A state information technology employee says he was escorted from work under armed guard Monday after sending an email to lawmakers Friday questioning whether the Oklahoma Department of Human Services was wasting thousands of dollars on an updated logo and rebranding project.
“This is crazy,” said David Porta, a planning specialist who works on DHS information technology projects as an employee of the Office of Management and Enterprise Services. Porta worked directly for DHS for about six years before his position was transferred to OMES about a year ago as part of the governor's state information technology consolidation initiative.
Porta, 66, said he became incensed Friday after learning at a meeting that DHS officials were preparing to launch a rebranding effort that would involve changing the agency's logo and using the acronym DHS for the agency instead of OKDHS.
“Is DHS really going to spend thousands, no probably tens of thousands of dollars in taxpayer's money simply to change their name from OKDHS to DHS to improve their ‘image' to the press and public?” Porta wrote in an email he fired off to several legislative leaders and editorial writers for The Oklahoman. “Has anyone really told the members of the state Senate or House what the real costs involved are and what has to be changed just so you can have new letterheads and websites and advertising that says DHS instead of OKDHS? I doubt it. It sounds as if this new crew is running amuck … and as usual has inflated the perceived benefit while minimizing or completely ignoring the real costs.”
‘Simply not true'
Sheree Powell, spokeswoman for DHS, said Porta is misinformed and was out of line.
“He's speaking about things he knows absolutely nothing about and he didn't bother to ask,” Powell said. “He just decided to go off on a rant. ... He is alleging we are spending tens of thousands of dollars on rebranding, which is simply not true.”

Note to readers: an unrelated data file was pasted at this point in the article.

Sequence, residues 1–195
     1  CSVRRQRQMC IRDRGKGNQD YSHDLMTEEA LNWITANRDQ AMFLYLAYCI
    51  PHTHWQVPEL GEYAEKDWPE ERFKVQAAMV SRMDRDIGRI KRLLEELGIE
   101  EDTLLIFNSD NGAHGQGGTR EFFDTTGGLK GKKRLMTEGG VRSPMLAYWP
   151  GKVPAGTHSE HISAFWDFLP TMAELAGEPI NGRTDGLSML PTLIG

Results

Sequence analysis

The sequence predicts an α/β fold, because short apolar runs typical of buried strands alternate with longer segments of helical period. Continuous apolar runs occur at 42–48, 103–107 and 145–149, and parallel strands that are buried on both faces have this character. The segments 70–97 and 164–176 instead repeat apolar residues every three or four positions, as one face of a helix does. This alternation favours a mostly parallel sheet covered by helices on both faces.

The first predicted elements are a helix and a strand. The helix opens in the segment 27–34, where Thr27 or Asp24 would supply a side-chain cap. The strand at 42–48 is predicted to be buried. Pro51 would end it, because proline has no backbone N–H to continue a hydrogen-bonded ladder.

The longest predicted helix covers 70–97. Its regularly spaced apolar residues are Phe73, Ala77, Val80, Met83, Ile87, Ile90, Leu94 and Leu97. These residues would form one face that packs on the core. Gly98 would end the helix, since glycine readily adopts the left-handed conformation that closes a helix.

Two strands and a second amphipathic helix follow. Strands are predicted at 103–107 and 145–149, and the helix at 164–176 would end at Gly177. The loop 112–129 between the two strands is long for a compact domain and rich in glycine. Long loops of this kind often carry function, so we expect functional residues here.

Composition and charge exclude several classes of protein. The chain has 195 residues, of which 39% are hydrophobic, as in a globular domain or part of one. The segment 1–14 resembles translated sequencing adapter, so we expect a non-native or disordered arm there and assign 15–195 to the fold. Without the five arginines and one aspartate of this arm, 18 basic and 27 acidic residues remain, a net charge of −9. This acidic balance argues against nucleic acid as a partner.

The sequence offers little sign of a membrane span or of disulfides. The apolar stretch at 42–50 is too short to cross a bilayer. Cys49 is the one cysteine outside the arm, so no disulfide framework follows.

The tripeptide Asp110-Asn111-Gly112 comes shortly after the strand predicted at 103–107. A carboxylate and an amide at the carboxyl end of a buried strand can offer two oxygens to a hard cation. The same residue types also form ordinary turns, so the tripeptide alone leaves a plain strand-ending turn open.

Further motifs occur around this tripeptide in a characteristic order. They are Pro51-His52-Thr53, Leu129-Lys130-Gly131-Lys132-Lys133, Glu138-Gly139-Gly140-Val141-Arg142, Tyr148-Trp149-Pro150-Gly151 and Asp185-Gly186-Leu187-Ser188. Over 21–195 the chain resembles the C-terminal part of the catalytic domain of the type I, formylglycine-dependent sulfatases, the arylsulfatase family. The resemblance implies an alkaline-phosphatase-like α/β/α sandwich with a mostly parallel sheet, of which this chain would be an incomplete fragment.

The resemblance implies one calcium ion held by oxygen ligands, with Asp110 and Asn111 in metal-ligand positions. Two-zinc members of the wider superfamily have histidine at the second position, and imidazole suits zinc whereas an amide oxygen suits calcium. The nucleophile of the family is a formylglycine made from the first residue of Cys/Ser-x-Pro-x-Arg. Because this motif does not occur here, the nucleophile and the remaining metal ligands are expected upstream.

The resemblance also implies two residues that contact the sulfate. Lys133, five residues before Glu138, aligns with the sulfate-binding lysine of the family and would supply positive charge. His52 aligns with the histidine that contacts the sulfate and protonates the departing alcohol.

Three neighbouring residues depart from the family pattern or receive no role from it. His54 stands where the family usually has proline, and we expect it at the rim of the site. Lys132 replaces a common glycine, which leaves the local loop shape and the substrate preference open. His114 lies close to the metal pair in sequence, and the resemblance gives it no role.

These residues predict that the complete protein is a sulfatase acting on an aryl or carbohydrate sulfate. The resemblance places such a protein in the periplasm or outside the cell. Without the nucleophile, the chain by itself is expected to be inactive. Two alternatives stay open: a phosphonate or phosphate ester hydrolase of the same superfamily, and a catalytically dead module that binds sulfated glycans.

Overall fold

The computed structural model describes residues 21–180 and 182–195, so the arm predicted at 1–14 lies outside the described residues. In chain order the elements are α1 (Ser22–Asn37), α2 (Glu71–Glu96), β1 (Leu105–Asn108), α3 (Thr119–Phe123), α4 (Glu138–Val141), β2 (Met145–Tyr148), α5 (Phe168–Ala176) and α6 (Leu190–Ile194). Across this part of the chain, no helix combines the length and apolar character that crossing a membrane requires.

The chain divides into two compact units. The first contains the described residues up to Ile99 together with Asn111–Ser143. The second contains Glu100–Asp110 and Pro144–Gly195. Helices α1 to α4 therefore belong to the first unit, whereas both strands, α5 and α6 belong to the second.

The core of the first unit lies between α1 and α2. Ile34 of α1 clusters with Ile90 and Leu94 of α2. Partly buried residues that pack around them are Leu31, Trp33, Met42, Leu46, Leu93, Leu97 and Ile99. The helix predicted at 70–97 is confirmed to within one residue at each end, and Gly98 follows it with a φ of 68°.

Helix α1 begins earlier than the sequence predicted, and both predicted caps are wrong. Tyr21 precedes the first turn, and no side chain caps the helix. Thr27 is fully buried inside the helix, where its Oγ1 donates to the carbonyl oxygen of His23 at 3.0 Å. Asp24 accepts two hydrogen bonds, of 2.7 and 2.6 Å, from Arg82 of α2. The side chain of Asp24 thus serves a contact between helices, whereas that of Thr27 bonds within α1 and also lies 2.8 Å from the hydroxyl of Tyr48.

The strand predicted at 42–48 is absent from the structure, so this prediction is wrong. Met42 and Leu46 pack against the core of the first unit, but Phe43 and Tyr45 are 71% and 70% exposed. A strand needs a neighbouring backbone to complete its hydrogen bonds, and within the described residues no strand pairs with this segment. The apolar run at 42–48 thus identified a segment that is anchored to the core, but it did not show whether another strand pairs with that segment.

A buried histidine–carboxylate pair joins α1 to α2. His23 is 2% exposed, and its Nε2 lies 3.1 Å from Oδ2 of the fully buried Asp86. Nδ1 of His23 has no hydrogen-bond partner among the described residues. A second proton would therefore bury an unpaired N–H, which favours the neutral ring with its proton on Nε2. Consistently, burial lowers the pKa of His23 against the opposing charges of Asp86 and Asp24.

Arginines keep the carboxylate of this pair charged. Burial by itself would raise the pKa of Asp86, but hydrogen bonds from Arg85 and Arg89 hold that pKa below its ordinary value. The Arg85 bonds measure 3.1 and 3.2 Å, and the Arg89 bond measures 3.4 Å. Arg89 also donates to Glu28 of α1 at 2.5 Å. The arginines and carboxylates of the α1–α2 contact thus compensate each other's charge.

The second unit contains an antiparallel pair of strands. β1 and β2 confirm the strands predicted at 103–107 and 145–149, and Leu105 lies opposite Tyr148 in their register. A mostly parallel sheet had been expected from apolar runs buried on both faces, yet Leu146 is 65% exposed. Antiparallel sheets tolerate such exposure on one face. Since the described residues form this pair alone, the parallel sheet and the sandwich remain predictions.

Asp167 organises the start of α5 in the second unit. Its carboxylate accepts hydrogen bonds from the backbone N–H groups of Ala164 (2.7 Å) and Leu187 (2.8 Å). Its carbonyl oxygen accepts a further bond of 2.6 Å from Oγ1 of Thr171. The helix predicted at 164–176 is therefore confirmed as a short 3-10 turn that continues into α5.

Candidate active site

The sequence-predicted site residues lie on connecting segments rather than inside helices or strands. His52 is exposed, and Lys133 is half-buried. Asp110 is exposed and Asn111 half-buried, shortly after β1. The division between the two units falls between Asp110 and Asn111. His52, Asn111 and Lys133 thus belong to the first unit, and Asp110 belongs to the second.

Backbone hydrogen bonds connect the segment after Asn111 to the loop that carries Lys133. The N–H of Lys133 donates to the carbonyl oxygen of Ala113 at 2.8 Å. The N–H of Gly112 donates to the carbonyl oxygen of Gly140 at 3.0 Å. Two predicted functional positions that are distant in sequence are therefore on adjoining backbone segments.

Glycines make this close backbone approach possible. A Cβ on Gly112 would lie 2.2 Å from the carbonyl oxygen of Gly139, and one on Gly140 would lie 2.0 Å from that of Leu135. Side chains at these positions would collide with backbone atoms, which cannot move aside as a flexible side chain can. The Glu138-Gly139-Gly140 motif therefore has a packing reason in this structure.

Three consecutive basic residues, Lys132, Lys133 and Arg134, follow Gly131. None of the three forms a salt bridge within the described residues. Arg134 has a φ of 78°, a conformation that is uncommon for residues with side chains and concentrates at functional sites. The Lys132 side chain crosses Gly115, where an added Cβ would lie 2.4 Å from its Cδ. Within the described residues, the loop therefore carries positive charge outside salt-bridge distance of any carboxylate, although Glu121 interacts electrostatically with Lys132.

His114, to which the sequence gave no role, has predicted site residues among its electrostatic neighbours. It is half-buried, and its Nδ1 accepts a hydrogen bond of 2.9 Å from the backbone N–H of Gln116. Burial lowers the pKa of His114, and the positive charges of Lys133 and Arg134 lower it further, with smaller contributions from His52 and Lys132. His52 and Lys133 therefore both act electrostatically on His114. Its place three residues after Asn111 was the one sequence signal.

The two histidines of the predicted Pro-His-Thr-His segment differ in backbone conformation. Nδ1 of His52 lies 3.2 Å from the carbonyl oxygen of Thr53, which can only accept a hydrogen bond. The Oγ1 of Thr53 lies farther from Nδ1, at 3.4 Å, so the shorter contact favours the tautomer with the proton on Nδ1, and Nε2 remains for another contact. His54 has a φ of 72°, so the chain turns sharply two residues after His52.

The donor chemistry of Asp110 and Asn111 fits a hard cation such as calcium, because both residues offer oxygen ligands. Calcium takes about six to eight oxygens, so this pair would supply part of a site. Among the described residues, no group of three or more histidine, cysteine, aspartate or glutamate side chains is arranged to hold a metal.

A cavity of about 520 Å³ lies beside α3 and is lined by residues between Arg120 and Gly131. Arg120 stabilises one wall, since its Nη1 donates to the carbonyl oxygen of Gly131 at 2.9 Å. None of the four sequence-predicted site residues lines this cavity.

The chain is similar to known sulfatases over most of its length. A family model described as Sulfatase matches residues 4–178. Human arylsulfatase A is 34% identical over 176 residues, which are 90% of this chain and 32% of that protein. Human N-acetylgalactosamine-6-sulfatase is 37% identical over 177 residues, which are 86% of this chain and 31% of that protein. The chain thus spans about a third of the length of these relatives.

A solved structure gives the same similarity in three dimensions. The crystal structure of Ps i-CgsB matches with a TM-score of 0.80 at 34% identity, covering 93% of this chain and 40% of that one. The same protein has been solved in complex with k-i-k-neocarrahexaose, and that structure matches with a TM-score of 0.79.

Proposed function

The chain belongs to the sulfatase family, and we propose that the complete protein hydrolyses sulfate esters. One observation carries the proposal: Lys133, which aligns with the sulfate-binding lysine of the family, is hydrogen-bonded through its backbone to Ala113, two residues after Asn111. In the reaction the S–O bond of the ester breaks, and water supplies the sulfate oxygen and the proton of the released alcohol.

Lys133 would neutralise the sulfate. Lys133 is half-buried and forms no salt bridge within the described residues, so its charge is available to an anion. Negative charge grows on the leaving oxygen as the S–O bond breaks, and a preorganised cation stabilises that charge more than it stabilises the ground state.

Yes, DHS is rebranding and plans to roll out a new logo, a new strategic plan and update its website design in September as new Director Ed Lake helps chart a new direction for the agency, she said.
But the work is being done under a fixed cost contract DHS has with OMES for information technology services and there will be no additional cost, she said.
“We're doing it in a very fiscally responsible manner,” she insisted. “We've been trying to figure out how much it's going to cost, but it's next to nothing.”
Exercised an option
Porta's email so infuriated DHS executives that they exercised an option in the agency's contract with OMES and disabled Porta's security access to DHS information and buildings.
“You are no longer authorized to work on any OKDHS related projects or work assignments, and you are to be assigned to a non-OKDHS work location,” Mark A. Robison, director of DHS's office of business quality, said Monday in a letter to Porta that called his email “inflammatory” and “completely incorrect.”
“You are hereby directed to vacate the OKDHS Data Services building immediately,” Robison said.
Placed on leave
John Estus, OMES spokesman, said Porta has been placed on administrative leave.
“An OMES employee was not speaking for the agency when he sent an email to journalists, legislators and others claiming certain costs are being incurred for a redesign of the DHS logo and related services,” Estus said. “A cost analysis for the project has not been done, but it will not cost tens of thousands of dollars, as the employee claimed. The employee has been placed on administrative leave while actions taken by both the OMES employee and DHS staff are reviewed. Because this is a personnel matter, we cannot comment further at this time.”
Powell said she thought it was over dramatic for Porta to say he was escorted from the building by armed guard, but said an employee of DHS's Office of Inspector General, who is authorized to carry a weapon, was present to ensure the safety of employees.
‘Not costing anything'
The primary reason for the new logo design is DHS officials do not believe the old logo “reflects caring, compassionate (employees) helping vulnerable Oklahomans,” Powell said.
“Where he came up with this ‘tens of thousands of dollars,' we have no idea,” she said. “It's not costing the agency anything. ... It doesn't cost anything to switch out a logo on a computer screen. ... We make changes to our website every single day for one reason or another.”
The redesign was done in house, she said.
Powell said the agency has very little printed letterhead and what letterhead it does have will be used before more is printed.
The new logo and changing of references from OKDHS to DHS will be done gradually as supplies of old brochures run out, new policies are implemented and information on the website is updated, she said.
“It doesn't have to be done all at once,” she said. “You'll probably see the old logo on buildings for years to come because if there's a logo out there attached to a building or sign, we're not going to go to the expense of changing that. That would be ridiculous.”
Porta said executives often don't recognize the amount of time and programming work required to change logos and do other rebranding.